In crowdfunding, however, the more options and price points consumers have to choose from, the more they tend to contribute, according to a study by three researchers at the University of Toronto’s Rotman School of Management in Canada. They include Ming Hu, assistant professor of operations management; Xi Li, a doctoral student; and Mengze Shi, associate professor of marketing.
Creators of typical crowdfunding campaigns inform people of their projects, post fundraising targets, and work to reach those targets by set deadlines. If their targets are not reached, any contributions made by funders—whom the researchers call “pre-buyers”—are refunded.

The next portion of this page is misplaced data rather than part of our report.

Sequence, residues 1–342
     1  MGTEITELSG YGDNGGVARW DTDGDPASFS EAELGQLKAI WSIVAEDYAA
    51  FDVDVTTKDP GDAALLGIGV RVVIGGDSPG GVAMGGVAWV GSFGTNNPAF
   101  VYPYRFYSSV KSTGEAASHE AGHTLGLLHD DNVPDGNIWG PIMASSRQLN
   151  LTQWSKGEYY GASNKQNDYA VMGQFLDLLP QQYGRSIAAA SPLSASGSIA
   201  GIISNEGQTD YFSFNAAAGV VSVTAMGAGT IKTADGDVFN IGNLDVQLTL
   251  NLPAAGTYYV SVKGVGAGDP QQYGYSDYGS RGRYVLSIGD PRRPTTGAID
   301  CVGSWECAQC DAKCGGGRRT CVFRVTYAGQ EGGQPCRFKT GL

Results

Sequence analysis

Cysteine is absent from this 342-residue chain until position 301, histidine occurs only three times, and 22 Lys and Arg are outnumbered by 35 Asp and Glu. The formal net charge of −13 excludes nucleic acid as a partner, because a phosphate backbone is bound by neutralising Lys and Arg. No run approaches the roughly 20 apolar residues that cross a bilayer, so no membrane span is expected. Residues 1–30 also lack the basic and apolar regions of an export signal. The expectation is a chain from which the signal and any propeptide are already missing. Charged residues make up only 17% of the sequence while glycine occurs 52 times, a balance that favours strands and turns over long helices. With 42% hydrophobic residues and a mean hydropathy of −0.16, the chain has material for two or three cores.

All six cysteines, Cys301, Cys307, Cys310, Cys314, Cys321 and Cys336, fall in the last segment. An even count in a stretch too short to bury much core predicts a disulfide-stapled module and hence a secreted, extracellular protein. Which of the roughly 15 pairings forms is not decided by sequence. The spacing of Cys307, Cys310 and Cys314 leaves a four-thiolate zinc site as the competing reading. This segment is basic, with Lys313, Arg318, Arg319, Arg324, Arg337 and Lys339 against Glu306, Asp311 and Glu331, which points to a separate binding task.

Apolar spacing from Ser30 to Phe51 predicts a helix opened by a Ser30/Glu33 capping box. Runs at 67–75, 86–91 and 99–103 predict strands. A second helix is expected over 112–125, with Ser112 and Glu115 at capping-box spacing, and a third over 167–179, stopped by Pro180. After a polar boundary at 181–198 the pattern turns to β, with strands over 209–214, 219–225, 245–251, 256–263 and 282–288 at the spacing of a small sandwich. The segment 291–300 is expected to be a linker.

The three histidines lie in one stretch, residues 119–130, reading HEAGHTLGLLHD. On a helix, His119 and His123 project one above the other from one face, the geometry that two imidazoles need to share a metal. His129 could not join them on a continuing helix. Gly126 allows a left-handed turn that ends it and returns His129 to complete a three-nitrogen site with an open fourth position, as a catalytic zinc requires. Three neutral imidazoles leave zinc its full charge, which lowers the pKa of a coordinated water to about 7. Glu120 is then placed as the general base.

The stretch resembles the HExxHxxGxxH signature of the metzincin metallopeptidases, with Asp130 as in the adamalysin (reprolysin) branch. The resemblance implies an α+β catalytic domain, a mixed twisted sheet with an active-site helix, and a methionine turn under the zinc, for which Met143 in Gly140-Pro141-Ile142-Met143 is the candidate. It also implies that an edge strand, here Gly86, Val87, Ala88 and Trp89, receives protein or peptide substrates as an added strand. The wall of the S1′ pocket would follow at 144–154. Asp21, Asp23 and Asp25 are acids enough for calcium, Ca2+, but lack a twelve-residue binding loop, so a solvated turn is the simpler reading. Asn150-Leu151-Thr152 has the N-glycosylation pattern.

When campaigns set a range of higher-priced incentives (such as a VIP pass to a concert) and lower-priced incentives (a regular ticket), early pre-buyers may opt for the higher-priced option. The reason? They want the project to succeed, and they fear that others might not pay as much. By offering high-end pre-buyers a reason to commit early, campaigns also attract pre-buyers who are waiting for others to participate.